B. Scott is already well known for their news breaking website LoveBScott, but their latest venture marks a return to BET & will be giving a voice to the LGBTQ community in the process. Last week, Black Entertainment Television (BET) announced the launch of the show Twenties The After Show, the new program airing after each episode of the returning series Twenties. The show will be hosted by “The Queen of Tea” B. Scott, marking them as the first trans non-binary host and producer in the network’s history. This will also be Scott’s first return to the network itself in eight years.
“I am proud to make history as the first trans non-binary person to host and executive produce a show at BET.” Scott said in a statement. Many will recall however, that this is not Scott’s first foray onto BET. In 2013, Scott was pulled from the air when working as a correspondent on the red carpet for the 106 & Park Pre-Show and allegedly asked to change their attire, despite it being pre-approved. The network later apologized, claiming it was “a series of unfortunate miscommunications” and that it regretted “any unintentional offense to B. Scott and anyone within the LGBT community.” Scott considered the apology not sufficient, and filed a $2.5 million dollar discrimination lawsuit, seeking damages (which was eventually settled out of court).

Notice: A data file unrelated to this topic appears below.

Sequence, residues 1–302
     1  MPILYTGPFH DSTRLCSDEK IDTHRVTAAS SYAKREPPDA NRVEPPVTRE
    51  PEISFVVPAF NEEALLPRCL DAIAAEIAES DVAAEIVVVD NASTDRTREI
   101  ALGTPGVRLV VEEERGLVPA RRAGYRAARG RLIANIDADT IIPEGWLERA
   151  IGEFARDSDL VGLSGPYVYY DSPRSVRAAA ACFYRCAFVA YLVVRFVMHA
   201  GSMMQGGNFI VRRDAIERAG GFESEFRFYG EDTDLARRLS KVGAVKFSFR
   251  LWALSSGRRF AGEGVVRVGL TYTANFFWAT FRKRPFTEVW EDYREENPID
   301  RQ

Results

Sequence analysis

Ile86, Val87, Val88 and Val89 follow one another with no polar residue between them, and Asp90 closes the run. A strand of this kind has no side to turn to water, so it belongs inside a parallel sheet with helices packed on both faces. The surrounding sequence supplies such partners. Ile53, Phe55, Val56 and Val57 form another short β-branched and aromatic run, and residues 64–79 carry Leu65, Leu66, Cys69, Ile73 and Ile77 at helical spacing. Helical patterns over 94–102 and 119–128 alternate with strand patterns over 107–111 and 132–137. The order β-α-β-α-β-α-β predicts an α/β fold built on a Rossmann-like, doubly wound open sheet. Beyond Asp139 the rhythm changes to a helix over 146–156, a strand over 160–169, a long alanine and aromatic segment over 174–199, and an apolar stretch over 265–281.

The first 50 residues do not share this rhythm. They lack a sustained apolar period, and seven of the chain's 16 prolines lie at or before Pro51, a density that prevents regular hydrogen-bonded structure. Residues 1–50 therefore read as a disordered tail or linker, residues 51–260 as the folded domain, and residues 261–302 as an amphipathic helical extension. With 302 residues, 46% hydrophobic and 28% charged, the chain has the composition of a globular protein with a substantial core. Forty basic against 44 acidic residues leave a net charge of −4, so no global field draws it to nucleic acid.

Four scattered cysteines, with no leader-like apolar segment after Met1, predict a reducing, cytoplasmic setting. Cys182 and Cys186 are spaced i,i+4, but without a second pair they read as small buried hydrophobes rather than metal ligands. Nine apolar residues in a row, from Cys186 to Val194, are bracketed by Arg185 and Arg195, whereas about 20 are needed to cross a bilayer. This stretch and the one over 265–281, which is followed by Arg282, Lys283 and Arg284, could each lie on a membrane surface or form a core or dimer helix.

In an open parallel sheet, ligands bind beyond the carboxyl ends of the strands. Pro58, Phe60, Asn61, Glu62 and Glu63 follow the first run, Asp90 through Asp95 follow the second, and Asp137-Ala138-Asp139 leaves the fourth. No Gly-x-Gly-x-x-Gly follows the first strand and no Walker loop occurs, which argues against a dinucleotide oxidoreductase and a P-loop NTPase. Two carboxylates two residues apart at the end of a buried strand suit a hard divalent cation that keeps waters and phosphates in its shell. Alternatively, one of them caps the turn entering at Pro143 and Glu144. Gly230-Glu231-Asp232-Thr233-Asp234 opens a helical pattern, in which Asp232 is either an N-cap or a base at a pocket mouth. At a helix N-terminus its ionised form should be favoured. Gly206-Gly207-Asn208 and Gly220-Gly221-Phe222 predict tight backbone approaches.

BET seems to be working to be more inclusive themselves in the past few years; working towards inclusivity of black LGBTQ entertainers and collaborating with media advocacy group GLAAD, working to make the Twenties after-show “an esteemed roster of Black LGBTQ+ voices that haven’t always been given a platform to share their personal experiences.”
Season 1 of Twenties starred Gabrielle Graham, Sophina Brown, Christina Elmore, and out actress Jonica Gibbs. The showcases Gibbs’ queer character and life with her two straight best friends, played by Graham and Elmore. The show comes direct from out actress and screenwriter, Lena Waithe.
— B. Scott (@lovebscott) March 11, 2021
Scott has also recently come out as non-binary. In a guest post to the GLAAD website, Scott said
“I’ve never really been into using labels to describe myself, because I already know who I am,” they write. “But as the world around me has grown and expanded its vocabulary, I understand how important it can be to use labels as a means of seeing ourselves, expanding our worlds, and finding community. “Because of that… I feel compelled to say this: I am a trans non-binary person and I use them/they pronouns. My gender identity, who I am on the inside, doesn’t fit the binary labels of ‘man’ or ‘woman’.” They ended by saying, “I’m still the B. Scott you’ve always known me to be. I’m just clarifying a bit more about me, in my own words, because being able to name ourselves and be understood by others is important.”
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